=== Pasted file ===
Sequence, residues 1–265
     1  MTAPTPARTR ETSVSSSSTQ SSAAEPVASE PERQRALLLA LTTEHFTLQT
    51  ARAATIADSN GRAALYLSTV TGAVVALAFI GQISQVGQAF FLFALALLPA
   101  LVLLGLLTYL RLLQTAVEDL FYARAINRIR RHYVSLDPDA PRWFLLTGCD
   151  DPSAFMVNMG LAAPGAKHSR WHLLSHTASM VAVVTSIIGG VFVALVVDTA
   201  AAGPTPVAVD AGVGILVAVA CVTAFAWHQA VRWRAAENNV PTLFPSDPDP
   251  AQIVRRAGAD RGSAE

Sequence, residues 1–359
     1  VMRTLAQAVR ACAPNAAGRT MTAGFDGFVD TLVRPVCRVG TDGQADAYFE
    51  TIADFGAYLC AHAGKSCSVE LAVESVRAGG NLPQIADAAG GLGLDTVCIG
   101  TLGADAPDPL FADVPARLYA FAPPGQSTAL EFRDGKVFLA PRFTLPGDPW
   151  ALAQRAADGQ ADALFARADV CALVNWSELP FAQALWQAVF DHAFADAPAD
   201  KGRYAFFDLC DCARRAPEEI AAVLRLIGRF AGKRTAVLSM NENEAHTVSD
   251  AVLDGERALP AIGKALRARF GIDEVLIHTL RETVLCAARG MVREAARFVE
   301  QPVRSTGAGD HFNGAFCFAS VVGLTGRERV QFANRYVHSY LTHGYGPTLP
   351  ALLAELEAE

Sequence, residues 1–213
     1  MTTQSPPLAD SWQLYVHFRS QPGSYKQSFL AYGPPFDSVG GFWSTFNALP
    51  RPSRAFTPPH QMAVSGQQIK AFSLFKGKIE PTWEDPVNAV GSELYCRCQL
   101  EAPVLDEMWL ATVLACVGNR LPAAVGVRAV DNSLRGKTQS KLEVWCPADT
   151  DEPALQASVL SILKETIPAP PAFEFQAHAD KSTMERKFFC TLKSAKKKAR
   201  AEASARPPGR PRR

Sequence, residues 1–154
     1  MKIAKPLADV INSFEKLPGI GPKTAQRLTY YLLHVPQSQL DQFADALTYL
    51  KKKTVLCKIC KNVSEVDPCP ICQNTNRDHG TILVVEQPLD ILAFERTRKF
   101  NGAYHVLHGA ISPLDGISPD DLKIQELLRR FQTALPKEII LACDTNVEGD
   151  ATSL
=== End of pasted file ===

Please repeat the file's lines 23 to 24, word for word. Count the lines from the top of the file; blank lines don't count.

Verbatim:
Sequence, residues 1–154
     1  MKIAKPLADV INSFEKLPGI GPKTAQRLTY YLLHVPQSQL DQFADALTYL